When he was younger, Arsh Pal’s parents noticed he had an artistic gift. So, for his eighth birthday, his family decided to support that gift by giving him canvases, acrylic paints and brushes.
In four years, he has used that gift to raise about $15,000 for several nonprofits, including St. Jude Children’s Research Hospital and the Make-A-Wish Foundation. Multiple agencies have recognized his work; he recently was bestowed with the Gloria Barron Prize for Young Heroes and the Diana Award, both of which honor young leaders who strive to make the world a better place.
With his humanitarian heart, it’s only natural that Arsh is a Scout, too. He’s been a Scout for only a few months, but he already relates to the aims of Scouting.
“Scouting goes right with what I’m doing,” says the 12-year-old Scout with Troop 51 in Dubuque, Iowa. “I’m showing kindness. I’m learning about respect and being nice to people. The Scout Law ties into what I’m doing.”
Arsh’s work was recently featured on Good Morning America. You can see the report here:
Developing his talent
Arsh developed his talent by finding photos and painting landscapes and portraits of animals. He has since tried his hand at abstract art.
“I need a reference to draw or paint,” he says. “For abstract, you just work on it until you’re happy with it.”
At first, he gave his drawings and paintings to friends and family as gifts. But after he was inspired to help people in need, Arsh got the idea that he could raise money from his art. He displayed his work at local art shows, libraries and school auctions.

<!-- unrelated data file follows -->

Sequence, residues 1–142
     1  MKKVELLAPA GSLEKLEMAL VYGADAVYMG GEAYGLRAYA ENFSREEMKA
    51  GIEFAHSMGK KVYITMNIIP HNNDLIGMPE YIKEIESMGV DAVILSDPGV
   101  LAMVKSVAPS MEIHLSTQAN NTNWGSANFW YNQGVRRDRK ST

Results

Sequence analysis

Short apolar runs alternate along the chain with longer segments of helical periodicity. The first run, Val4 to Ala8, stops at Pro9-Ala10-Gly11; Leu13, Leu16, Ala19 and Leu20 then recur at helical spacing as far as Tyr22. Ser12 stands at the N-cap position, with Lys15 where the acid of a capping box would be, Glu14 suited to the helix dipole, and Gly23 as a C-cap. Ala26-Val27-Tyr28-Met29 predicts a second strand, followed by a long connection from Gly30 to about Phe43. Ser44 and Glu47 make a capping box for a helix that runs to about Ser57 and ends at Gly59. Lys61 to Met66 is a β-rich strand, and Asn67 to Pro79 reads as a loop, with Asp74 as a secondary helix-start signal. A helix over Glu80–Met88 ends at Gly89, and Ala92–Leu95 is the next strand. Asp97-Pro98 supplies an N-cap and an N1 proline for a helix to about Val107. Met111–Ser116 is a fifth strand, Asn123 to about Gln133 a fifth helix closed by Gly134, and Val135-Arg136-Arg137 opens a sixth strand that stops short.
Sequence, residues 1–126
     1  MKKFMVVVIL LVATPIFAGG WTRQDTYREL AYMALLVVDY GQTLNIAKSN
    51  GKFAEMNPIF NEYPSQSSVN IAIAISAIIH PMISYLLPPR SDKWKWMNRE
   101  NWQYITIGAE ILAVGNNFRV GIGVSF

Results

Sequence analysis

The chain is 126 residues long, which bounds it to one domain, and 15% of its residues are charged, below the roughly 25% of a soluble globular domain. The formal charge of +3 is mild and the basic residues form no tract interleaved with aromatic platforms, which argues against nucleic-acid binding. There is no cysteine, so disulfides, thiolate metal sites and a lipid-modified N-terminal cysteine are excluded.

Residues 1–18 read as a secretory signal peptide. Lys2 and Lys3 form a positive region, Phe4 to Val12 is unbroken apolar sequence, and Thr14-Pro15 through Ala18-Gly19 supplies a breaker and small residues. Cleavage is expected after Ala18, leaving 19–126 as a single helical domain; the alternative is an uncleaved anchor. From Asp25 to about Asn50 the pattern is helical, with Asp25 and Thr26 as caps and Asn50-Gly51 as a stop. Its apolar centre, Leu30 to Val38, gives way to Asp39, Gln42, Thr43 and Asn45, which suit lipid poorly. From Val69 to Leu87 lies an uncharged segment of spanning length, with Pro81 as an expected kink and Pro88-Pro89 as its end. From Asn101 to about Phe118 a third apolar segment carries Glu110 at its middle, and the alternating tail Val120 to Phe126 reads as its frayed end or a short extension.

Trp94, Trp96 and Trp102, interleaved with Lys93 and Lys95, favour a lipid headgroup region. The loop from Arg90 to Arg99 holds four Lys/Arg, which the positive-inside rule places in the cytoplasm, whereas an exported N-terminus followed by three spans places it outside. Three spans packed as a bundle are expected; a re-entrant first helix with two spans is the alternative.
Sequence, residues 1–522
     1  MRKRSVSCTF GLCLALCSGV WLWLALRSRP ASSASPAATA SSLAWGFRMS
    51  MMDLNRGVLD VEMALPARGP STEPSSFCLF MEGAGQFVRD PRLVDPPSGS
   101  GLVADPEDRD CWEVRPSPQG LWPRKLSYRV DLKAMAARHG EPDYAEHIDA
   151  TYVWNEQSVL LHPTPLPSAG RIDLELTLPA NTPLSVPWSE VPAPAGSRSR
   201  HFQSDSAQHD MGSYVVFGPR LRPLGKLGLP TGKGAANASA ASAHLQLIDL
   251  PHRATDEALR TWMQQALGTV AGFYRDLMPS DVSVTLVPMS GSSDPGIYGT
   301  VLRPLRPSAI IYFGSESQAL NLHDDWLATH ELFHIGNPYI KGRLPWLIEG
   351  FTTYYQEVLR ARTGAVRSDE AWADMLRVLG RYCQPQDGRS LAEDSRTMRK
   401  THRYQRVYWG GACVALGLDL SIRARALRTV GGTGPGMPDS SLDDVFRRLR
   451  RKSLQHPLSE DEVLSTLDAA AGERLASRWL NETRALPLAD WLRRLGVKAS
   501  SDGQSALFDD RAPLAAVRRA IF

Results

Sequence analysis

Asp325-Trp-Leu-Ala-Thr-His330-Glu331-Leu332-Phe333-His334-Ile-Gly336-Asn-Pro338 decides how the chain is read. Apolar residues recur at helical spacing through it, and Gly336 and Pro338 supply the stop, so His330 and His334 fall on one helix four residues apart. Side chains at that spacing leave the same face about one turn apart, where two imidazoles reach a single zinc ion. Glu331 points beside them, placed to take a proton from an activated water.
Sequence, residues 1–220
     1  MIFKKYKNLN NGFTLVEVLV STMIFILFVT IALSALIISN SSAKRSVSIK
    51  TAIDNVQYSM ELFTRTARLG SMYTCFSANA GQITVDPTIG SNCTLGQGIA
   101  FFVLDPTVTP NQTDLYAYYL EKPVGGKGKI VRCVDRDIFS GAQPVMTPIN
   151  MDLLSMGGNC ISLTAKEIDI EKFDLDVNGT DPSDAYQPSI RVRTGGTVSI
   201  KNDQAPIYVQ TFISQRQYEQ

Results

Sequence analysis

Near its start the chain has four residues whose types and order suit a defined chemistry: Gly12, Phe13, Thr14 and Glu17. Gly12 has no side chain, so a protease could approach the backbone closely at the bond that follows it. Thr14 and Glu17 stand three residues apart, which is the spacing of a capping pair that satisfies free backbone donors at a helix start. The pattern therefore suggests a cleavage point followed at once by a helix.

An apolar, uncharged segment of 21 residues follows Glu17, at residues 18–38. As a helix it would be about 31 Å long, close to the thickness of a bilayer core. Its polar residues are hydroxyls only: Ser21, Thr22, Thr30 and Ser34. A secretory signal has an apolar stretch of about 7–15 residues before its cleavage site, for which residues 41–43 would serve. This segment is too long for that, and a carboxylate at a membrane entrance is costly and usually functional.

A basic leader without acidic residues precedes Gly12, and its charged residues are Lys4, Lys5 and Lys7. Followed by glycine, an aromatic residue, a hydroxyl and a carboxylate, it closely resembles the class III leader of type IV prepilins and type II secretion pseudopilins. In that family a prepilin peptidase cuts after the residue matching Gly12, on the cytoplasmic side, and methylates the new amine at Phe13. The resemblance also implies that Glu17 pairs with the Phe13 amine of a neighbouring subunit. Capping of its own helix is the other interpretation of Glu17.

More than money
But his work hasn’t solely been in fundraising. He has also accompanied his mother, who is an occupational therapist at a nursing home, to work. He’d strike up conversations with the residents, which led to another charitable idea.
“He teaches painting lessons,” his mother Divya says. “The residents look forward to it.”
He’s extended that idea to his friends, and he now leads painting parties. And while doing that, he’s identified his next mission.
“My goal is to make art lessons more accessible for kids, because art lessons are expensive,” Arsh says.
He hopes that he can inspire others to develop what they enjoy or to discover a passion.
“If you’re interested in art, just do it,” he says. “Do it every day and practice instead of being on your phone. Focus on what you’re interested in, and that can help you find your talent.”